The New York Times
August 12, 2004
MUNICH, Aug. 11 - Imprisoned leaders of the terrorist network Al Qaeda told American authorities that Mounir el-Motassadeq was not involved in the plot to attack the United States in September 2001, according to evidence introduced in his trial on Wednesday.
The claims, made by two Qaeda leaders during interrogations, were supplied to a German court in Hamburg by the Justice Department after the United States said it would cooperate in a limited way with the prosecutors.
The new evidence could shore up the defense of Mr. Motassadeq, a Moroccan engineering student who is the only person to have been successfully prosecuted for involvement in the Sept. 11 plot. He was convicted and sentenced to 15 years in prison, but an appeals court overturned the verdict in March, saying that American authorities had withheld crucial evidence.
German prosecutors have long maintained that such evidence could answer the question of whether Mr. Motassadeq, 30, helped plot the Sept. 11 attacks, or merely befriended the people who did. But the edited summaries read in court seemed only to deepen the debate.
Lawyers for Mr. Motassadeq claimed he was exonerated, even though they had earlier criticized the potential American evidence as unreliable. But both prosecutors and American officials questioned the credibility of the prisoners' claims. "We must consider what this means for the trial, and what it means for the volume of evidence we will listen to," said the chief judge, Ernst-Rainer Schudt, summarizing the confused atmosphere.
The key assertion in the summaries was made by Ramzi bin al-Shibh, a Qaeda leader in American custody, who said Mr. Motassadeq "was not privy" to the plans of Mohamed Atta or the other hijackers.
Mr. bin al-Shibh, who is believed to have played a central role in the plot, said Mr. Motassadeq was a regular visitor to Mr. Atta's apartment in Hamburg, where he and others "studied jihad" and "engaged in vitriolic anti-American discussions." But he was not part of the cell that planned the attacks.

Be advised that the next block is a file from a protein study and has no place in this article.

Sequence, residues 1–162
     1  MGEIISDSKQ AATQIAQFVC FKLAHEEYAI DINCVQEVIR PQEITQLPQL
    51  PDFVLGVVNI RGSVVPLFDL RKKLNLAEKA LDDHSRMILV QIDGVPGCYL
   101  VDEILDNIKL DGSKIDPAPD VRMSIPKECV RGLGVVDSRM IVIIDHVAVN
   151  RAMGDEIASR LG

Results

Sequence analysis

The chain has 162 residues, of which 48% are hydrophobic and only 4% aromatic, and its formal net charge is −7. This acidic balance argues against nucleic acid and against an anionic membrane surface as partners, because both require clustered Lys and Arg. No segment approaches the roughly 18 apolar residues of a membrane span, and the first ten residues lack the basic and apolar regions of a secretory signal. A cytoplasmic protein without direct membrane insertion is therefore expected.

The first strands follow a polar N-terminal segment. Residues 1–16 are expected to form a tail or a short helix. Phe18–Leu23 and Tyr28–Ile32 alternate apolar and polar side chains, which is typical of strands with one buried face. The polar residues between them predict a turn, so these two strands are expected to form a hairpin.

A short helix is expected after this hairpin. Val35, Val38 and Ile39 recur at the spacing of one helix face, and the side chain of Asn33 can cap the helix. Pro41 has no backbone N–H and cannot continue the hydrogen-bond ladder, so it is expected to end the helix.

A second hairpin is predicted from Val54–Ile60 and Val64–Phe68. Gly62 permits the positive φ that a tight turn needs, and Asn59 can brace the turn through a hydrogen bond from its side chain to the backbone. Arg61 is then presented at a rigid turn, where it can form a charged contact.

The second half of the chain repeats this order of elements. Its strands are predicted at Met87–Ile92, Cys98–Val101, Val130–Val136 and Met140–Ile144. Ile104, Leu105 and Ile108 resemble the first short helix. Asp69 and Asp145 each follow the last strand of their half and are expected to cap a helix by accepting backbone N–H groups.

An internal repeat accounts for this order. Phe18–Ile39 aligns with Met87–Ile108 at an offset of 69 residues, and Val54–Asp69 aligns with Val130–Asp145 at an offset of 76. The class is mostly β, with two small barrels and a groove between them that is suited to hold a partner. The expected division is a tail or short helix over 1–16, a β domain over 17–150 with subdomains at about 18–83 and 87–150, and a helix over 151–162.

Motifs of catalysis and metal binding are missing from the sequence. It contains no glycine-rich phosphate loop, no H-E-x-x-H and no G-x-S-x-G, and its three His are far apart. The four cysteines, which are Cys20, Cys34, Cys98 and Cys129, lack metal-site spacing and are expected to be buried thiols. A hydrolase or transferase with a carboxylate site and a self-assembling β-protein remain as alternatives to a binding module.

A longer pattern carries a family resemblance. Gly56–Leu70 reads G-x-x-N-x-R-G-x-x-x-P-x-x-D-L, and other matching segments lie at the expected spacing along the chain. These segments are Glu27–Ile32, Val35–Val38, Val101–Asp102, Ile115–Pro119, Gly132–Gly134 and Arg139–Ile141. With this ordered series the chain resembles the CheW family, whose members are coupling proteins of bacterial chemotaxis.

That group, he said, consisted only of himself, Mr. Atta and two other men who hijacked planes on Sept. 11: Marwan al-Shehhi and Ziad Samir Jarrah. Mr. Motassadeq transferred money into Mr. Shehhi's bank account while he was in the United States at pilot training school.
Mr. Motassadeq's outsider status was affirmed by another Qaeda leader, Khalid Shaikh Mohammed, who told interrogators that he never discussed the plot with him, although he helped Mr. Motassadeq arrange a trip to Afghanistan, where he spent time in a training camp sponsored by Osama bin Laden.
The eight pages of summaries from the Justice Department, which were dated Aug. 9 but received by the court on Wednesday, came with a caveat that the prisoners may have been "intentionally withholding information and employing counter-interrogation techniques."
A cover letter from the Justice Department said, "there may be reason to question the assertions regarding Mounir el-Motassadeq," citing inconsistent statements by at least one of the prisoners.
The assertions are not new. During the trial in Germany of another Moroccan suspected of being a member of Al Qaeda, Abdelghani Mzoudi, the German police faxed a letter to the court summarizing intelligence that Washington had made available to the German authorities.
The letter said that a man - who was not named but who is widely believed to be Mr. bin al-Shibh - told his captors that neither Mr. Mzoudi nor Mr. Motassadeq were aware of the planning of the Sept. 11 attacks. Mr. Mzoudi was acquitted by the court in Hamburg in February.
Although Mr. Motassadeq's lawyers were buoyed by the evidence, it puts them in an awkward position. On Tuesday, his chief lawyer, Josef Grässle-Münscher, said that any material handed over by the Americans would be tainted because it might have been obtained through torture.
A day later, Mr. Grässle-Münscher was forced into some verbal gymnastics, arguing that the prisoners' statements were credible because they had withstood a long and rigorous interrogation process.
"For us, the question is why didn't the Americans turn over this information sooner?" he said.